Published February 18, 2005
This is a partial transcript from "On the Record," February 17, 2005, that has been edited for clarity.
GRETA VAN SUSTEREN, HOST: The sports world has been turned on its ear this week. First, Jose Canseco's (search) book made some shocking allegations about steroids (search) in Major League Baseball. Then, just Wednesday, it was announced that the hockey season has been officially canceled.
Just hours ago, I stopped by the set of the "Best Damn Sports Show Period" and sat down with one of its hosts, Tom Arnold.
VAN SUSTEREN: Tom, I like the concept. I'm sitting in the guest chair interviewing you in the host chair.
TOM ARNOLD, "BEST DAMN SPORTS SHOW PERIOD": Well, it's an honor to have you here on the show.
VAN SUSTEREN: Well, it's wonderful to be here. You got a great operation, a great set and a great topic, sports.
VAN SUSTEREN: Speaking of sports, Jose Canseco has got a new book, have you read it?
ARNOLD: I have read it. I've leafed through it. I looked at the pictures. He makes some pretty outrageous claims. I wonder if he has read it. I think what happens is there's nuggets of truth in a lot of things and then you go to the book publisher they say, "Oh this isn't enough" and then there is some embellishment there and I think it's caused a lot of distress for the baseball business right now.
VAN SUSTEREN: I interviewed him in jail a while back and he's sort of a tragic figure.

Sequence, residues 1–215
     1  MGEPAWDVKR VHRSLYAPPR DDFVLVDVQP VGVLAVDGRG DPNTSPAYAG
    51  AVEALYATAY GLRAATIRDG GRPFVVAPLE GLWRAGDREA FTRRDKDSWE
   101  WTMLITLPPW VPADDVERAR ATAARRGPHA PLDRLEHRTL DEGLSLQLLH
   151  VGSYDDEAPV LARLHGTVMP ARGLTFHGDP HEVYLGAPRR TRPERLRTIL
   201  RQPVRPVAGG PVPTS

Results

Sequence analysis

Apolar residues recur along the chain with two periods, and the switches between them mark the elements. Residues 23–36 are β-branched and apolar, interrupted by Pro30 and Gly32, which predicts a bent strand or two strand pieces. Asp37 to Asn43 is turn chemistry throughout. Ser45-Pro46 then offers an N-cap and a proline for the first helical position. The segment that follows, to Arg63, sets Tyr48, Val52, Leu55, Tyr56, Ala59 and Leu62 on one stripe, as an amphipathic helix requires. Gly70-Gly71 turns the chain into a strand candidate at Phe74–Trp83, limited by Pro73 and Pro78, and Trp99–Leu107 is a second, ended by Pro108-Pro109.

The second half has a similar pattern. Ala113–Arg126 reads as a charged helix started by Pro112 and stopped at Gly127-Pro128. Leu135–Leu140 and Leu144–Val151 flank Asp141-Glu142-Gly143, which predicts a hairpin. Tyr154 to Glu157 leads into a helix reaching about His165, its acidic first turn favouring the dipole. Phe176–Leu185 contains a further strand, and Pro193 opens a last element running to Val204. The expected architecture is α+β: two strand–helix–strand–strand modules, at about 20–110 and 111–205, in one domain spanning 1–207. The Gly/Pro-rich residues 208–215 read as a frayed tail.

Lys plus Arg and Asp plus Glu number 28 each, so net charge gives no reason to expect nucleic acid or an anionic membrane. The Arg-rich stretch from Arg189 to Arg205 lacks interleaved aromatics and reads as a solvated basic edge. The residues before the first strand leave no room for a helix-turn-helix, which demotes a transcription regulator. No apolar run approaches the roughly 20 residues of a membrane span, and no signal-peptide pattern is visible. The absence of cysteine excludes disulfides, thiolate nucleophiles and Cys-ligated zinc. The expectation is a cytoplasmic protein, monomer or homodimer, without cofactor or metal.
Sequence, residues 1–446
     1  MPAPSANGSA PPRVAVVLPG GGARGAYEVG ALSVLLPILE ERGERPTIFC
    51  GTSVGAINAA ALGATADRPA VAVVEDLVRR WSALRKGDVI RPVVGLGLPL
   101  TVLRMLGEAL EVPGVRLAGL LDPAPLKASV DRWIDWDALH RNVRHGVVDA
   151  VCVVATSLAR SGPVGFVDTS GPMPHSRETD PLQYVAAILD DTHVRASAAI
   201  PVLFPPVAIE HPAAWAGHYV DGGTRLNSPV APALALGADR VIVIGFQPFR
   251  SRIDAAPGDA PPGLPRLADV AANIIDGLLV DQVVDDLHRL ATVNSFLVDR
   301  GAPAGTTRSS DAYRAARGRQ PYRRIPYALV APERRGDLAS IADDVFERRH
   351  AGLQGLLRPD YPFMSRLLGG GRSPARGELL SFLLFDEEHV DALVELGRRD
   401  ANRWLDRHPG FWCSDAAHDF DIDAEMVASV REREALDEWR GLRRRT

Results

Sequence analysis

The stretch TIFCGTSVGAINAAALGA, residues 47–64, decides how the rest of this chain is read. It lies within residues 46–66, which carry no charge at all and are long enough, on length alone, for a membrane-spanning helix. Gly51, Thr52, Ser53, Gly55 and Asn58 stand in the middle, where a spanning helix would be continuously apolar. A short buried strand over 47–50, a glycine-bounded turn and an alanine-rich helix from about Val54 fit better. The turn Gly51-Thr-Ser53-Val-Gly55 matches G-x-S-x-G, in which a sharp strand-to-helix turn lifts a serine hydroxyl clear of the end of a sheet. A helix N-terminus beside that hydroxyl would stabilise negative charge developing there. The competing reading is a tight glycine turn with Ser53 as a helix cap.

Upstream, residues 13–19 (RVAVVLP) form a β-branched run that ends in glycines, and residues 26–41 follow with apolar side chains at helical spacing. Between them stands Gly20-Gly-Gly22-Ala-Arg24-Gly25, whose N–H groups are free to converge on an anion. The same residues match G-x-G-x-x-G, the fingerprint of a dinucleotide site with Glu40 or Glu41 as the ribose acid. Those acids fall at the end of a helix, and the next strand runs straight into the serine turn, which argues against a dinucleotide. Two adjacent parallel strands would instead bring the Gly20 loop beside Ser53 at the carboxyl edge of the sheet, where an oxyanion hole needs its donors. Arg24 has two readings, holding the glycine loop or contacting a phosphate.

ARNOLD: He is a tragic figure and because of that I think you take his exact words with a grain of salt. I'm not saying that steroids are not in baseball because they obviously are. There's a lot of things in baseball. There's a lot of things at the meat packing plant where I used to work. But I can still enjoy baseball knowing that in past years people did steroids the way I could enjoy a hamburger knowing the guys at the meat packing plant are taking speed.
VAN SUSTEREN: All right, so you can enjoy baseball in spite of the steroids. How about basketball in spite of the basket brawl?
ARNOLD: OK. That was something. Thank God nobody was killed. It was a wakeup call for the fans and for the players and for security and I try to look at the best of what came out of it. A lot of people lost a lot of money but, you know, I try to look at the funny moments like the guy that came out on the court to put his fists up to Ron Artest and realized, oh my God he is a giant man. It's not like on TV.
And, you know, so I think that we learned a lesson about protecting the athletes, also fans have to respect athletes and these athletes you don't know the things that fans say to them, throw at them and this is something that was going to happen I think and it happened and now we move past it and enjoy basketball.
VAN SUSTEREN: Have the athletes sort of though forgotten the fans a little bit? I mean the steroids story puts a little bit of a stain at least for the short run on baseball. The basketball brawl wasn't particularly attractive for basketball. Now we've got the hockey season shut down. What about the fans?